Cultivating meaning through improvisational dance

I just returned from the annual Movement Intensive in Compositional Improvisation (MICI) led by a dance company known as The Architects. This group is composed of four wonderful women and mentors of mine, Katherine Ferrier, Lisa Gonzales, Jennifer Kayle, and Pamela Vail. This group developed out of another group known as The Giants of Sciants, composed of a group of virtuoso dancers and choreographers based out of Middlebury and Bennington College (Penny Campbell, Terry Creach, Peter Schmitz, Susan Sgorbati), who established this work and led a workshop for 10 consecutive years known as the Workshop in the Performance of Improvisation (WIPI). The Architects took the work established from this previous quartet and made it their own. As The Architects describe it, this work “balances in-depth individual exploration with rigorous practice in spontaneous ensemble dance-making…Each kinesthetic-conceptual proposition acts as an entrance point for the mover and composer, a window into authenticity, connection, depth and range.”

From June 18th to 24th, a group of approximately 30 dancers from all over the world gathered at Franklin and Marshall College in Lancaster, PA, where Pamela Vail is an Associate Professor of Dance, to practice this very meaningful work together.

This practice is one of paying attention. Four overarching rules guide the work. These rules come out of the teachings of Angeles Arrien in her book, The Four-Fold Way: Walking the Path of the Warrior, Teacher, Healer and Visionary. They are as follows:


1. Show up and choose to be present

2. Pay attention to what has heart and meaning

3. Tell the truth without blame or judgement

4. Be open to outcome, not attached to outcome

For a full week, we spend hours a day noticing what we notice, expanding our attention and enhancing our conscious awareness. We often start the day warming into working – a luxurious time of paying attention to what we need, how our body feels, what we are thinking, what we sense, and indulging in what feels good and pleasurable. This work often begins with the eyes closed, but eventually we are invited to open our eyes. We take a soft gaze, allowing light in, and begin to notice what others in the room are doing, what they are exploring. When it feels right, following intuition and impulse, we begin to come in relation to others in the room, creating duets, trios, or larger groupings.


The group intention is one of “we-intention”, to create a group mind. The idea is that you are totally in, but utterly out at the same time, meaning that you are completely focused on what you are doing while fully understanding what the group is doing as a whole. In this way, we communally create art in the moment. The work emerges spontaneously from each idiosyncratic individual working as a collective unit. It is a fully ephemeral process, one that exists only in the now.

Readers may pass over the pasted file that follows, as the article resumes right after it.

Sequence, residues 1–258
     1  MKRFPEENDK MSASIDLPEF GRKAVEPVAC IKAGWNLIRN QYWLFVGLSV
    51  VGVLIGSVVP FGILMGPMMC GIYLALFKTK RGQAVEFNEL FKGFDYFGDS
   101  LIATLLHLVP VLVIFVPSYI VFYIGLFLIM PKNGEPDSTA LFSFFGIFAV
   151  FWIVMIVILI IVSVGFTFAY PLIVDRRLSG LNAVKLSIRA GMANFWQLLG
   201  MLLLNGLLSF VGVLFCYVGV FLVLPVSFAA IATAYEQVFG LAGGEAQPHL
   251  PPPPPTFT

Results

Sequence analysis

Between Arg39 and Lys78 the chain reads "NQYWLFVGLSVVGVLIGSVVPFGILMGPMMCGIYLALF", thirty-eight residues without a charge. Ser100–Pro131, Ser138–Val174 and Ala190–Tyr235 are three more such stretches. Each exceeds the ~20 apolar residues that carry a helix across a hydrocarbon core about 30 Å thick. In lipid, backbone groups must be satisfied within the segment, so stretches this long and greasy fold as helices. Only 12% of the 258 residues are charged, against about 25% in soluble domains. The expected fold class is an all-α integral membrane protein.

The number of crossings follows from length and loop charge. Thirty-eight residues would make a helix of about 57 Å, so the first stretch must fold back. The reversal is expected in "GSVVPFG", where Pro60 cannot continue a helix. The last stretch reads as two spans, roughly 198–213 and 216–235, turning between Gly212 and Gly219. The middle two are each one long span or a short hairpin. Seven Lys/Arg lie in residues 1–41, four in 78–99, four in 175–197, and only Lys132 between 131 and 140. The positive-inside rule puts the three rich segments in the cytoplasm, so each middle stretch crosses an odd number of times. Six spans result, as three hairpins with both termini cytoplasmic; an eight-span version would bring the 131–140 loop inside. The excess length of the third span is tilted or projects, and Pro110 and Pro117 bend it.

After the warmup, we participate in exercises that allow us to examine our movement making in a specific way. For example, one dancer may be assigned the role of leader or instigator, while the second dancer is assigned the role of responder, and the third dancer is assigned the role of framer. In this simple score, we are asked to create a full piece of say 5 minutes that has a distinct beginning and end. These types of practices enable us, as one of The Architects describes it, to put a certain lens on the work. Each of these exercises expands our ability to pay attention to the work in a different way. The day culminates in us creating pieces together, lasting from as little as one minute to over an hour.


In between all of the dance making, we participate in extensive group conversations about the work. The Architects note that, “the artistic integrity of one’s voice is sharpened in conversation with the whole and a dialogue emerges as individual aesthetics meet, interact and expand…group discussions contribute to conscious integration of the experiential and the conceptual.” This dialogue puts the work into context and allows the dancers to explore their discoveries with each other through language.

Along with being an ephemeral art-making process, this work has implications for the world. A question that we all ask during our time together is, “how can we translate this work from the dance floor to the other communities (e.g., social, religious, political, etc.) that we are a part of?” As Katherine Ferrier puts it, in this work, “we are called to care for each other - to take care of the thing that we are making together - to hone the skills to listen and attend so that we can make choices.” Having been a practitioner of this work for almost 15 years, I can tell you that I always leave these week-long intensives with a renewed sense of who I am and why being a part of community and in connection with others is of utmost importance.


For more information on this amazing workshop, you can check out: https://www.architectsdance.org/.

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Department of Human Nutrition, Foods, and Exercise

Virginia Tech Carilion Research Institute

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© 2016 by Julia C. Basso.